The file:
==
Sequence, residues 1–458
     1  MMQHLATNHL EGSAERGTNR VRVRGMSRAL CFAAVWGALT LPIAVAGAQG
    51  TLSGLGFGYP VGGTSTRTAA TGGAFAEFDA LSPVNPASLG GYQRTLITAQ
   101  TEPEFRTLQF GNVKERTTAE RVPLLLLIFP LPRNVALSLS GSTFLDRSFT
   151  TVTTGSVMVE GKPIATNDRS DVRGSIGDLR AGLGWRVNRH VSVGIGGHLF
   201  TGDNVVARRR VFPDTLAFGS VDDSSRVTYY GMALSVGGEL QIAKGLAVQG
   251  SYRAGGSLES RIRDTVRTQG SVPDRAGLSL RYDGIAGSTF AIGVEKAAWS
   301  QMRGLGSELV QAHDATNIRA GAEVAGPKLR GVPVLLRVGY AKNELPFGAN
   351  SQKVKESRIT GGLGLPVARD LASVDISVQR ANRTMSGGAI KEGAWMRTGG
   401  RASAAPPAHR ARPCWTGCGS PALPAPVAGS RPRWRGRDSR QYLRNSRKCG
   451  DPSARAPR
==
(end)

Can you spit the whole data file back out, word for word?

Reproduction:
Sequence, residues 1–458
     1  MMQHLATNHL EGSAERGTNR VRVRGMSRAL CFAAVWGALT LPIAVAGAQG
    51  TLSGLGFGYP VGGTSTRTAA TGGAFAEFDA LSPVNPASLG GYQRTLITAQ
   101  TEPEFRTLQF GNVKERTTAE RVPLLLLIFP LPRNVALSLS GSTFLDRSFT
   151  TVTTGSVMVE GKPIATNDRS DVRGSIGDLR AGLGWRVNRH VSVGIGGHLF
   201  TGDNVVARRR VFPDTLAFGS VDDSSRVTYY GMALSVGGEL QIAKGLAVQG
   251  SYRAGGSLES RIRDTVRTQG SVPDRAGLSL RYDGIAGSTF AIGVEKAAWS
   301  QMRGLGSELV QAHDATNIRA GAEVAGPKLR GVPVLLRVGY AKNELPFGAN
   351  SQKVKESRIT GGLGLPVARD LASVDISVQR ANRTMSGGAI KEGAWMRTGG
   401  RASAAPPAHR ARPCWTGCGS PALPAPVAGS RPRWRGRDSR QYLRNSRKCG
   451  DPSARAPR